The Canadiens defended well in the last few minutes of the game, pushing Toronto to the outside and forcing them to overcommit. That strategy eventually paid off, as Paul Byron was able to take the puck up the ice and reel it back for Christian Dvorak to pot in his 8th of the season and close the game out for the Canadiens.
Here’s your MHN Postgame Poutine:
GOLD STAR: Jake Allen – Since his return from injury last week, Jake Allen has been stellar for the Montreal Canadiens, but tonight he was exceptional. Allen kept his team in the game, pushing back 49 of the 51 shots he faced, of which 37 were genuine scoring chances, and 19 were classified as high-danger chances. Most goalies only have to face 12-13 high danger chances on a given night, and Allen was able to push back all but two, giving the Canadiens every opportunity to stay in this game and pull out the rug from the Maple Leafs in the dying seconds of the third period.
Paul Byron donne les devants au Canadien!
— Canadiens Montréal (@CanadiensMTL) March 27, 2022
TABARNAK: Christian Dvorak’s goal overturned: The Canadiens were desperate for a sign of life early in the second period and thought they got it when Christian Dvorak jumped on a loose puck in front of the net. Unfortunately, the goal was eventually overturned after a successful coach’s challenge for offside on the play.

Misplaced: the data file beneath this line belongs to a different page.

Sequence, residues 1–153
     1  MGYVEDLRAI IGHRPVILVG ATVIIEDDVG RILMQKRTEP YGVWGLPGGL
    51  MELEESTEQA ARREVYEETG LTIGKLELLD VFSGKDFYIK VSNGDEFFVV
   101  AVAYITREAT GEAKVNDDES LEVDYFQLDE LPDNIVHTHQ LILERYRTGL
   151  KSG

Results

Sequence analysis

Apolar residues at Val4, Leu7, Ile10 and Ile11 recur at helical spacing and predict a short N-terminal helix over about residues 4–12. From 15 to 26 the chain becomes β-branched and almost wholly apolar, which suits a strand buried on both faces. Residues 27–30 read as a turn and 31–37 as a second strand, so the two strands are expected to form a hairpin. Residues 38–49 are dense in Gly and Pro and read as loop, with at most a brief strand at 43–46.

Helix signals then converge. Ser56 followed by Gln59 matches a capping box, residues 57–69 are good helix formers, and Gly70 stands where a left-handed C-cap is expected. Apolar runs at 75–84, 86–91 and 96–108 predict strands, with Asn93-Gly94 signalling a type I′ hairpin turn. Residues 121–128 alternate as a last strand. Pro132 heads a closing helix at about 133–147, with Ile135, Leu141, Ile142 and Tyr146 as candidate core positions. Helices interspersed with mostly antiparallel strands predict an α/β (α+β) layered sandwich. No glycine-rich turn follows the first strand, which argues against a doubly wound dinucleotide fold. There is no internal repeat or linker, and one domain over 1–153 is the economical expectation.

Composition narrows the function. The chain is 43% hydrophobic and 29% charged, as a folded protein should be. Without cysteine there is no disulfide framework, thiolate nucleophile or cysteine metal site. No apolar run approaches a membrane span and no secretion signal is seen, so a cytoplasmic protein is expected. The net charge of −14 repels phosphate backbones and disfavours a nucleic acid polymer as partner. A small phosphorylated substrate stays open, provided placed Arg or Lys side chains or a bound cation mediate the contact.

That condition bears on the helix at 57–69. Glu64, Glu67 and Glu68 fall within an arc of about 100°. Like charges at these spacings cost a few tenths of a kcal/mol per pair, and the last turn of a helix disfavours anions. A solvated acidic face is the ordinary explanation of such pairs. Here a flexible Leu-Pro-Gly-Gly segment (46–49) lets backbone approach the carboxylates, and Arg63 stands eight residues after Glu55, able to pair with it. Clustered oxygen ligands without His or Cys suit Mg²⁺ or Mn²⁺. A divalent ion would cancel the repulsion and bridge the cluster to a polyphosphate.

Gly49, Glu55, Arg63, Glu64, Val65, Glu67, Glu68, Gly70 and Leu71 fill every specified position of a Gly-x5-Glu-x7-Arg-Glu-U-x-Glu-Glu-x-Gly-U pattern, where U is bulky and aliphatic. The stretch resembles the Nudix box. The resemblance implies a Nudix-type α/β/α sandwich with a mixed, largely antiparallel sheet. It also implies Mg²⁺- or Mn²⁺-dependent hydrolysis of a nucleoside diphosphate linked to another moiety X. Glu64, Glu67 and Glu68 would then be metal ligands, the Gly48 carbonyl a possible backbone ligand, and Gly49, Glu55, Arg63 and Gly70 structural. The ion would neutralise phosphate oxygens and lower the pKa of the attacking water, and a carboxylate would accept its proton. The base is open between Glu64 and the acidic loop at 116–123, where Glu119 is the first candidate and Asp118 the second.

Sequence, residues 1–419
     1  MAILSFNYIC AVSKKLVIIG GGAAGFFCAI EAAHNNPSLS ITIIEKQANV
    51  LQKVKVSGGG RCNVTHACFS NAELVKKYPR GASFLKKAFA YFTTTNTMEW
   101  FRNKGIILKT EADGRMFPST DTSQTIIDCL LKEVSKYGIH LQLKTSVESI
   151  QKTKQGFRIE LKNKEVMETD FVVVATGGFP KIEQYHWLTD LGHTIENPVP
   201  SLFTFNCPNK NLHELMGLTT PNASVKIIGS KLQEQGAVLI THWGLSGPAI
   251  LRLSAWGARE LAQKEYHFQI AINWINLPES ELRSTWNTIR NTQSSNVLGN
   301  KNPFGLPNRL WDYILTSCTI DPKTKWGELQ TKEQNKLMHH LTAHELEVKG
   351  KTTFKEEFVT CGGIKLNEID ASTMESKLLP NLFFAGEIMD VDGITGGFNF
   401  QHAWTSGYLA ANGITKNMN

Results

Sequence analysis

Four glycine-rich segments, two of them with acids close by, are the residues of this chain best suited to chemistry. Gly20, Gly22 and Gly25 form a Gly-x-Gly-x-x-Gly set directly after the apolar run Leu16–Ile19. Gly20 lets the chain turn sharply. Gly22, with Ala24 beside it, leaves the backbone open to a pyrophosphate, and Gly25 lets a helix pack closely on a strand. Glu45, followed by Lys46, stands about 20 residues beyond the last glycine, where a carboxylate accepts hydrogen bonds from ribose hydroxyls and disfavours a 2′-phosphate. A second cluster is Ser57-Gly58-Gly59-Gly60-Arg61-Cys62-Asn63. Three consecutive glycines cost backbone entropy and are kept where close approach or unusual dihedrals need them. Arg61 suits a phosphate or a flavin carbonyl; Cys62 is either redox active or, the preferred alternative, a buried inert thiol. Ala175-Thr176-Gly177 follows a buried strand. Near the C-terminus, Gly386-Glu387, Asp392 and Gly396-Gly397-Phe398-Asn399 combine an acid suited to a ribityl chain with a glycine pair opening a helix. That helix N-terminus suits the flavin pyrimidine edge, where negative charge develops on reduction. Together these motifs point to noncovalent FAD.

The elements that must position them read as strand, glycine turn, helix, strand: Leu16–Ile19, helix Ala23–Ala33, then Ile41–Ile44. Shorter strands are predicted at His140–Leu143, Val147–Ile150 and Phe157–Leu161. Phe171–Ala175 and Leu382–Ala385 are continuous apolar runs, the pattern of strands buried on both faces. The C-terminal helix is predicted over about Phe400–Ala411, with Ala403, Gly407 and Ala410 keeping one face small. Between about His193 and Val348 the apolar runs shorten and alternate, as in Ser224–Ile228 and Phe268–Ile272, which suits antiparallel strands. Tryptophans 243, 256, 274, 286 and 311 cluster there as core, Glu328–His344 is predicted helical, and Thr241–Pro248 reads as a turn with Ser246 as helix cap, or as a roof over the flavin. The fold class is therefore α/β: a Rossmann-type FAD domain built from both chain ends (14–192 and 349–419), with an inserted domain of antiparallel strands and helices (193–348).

TURNING POINT: Cole Caufield’s powerplay goal- The Canadiens looked like they were out of it to begin the game but were able to claw back to an even playing field in the 2nd to tie it at 1-1. When the Leafs were called with an interference penalty with 2:40 to go in the second period, Goal Caufield made an appearance in front of the Bell Centre faithful. He finished a pretty passing play between Suzuki and Wideman by wiring home a wrist shot that beat Kallgren up high to give the Canadiens their first lead of the game.
— Canadiens Montréal (@CanadiensMTL) March 27, 2022
HONORABLE MENTION: Cole Caufield- Cole Caufield is truly on a tear. In his last 20 games under Martin St. Louis, he’s scored 13 goals, which is over a 50-goal pace. Tonight, he continued his solid play by being involved in all three zones and took over eight shot attempts despite the little room afforded to him by Toronto’s defence. Caufield stays in motion and keeps his options open by not solely relying on his shot to generate offence, resulting in better decisions on the ice and more scoring opportunities.
Belle redirection Jake!
— Canadiens Montréal (@CanadiensMTL) March 25, 2022
BY THE NUMBERS: Here’s how the Montreal Canadiens lined up Saturday night:
Cole Caufield-Nick Suzuki– Josh Anderson
Rem Pitlick-Jake Evans-Mike Hoffman
Paul Byron-Christian Dvorak-Joel Armia
Michael Pezzetta-Laurent Dauphin-Tyler Pitlick
Alexander Romanov-David Savard
William Lagesson-Joel Edmundson
Corey Schueneman-Chris Wideman
QUOTE TO NOTE: “I think I can futher show an offensive side to my game by continuing to play the puck quickly. I can adapt to Marty’s concept and I want to stay here. I signed to play here and I want to be a part of this group” – David Savard on fitting into the new offensive style under Martin St. Louis.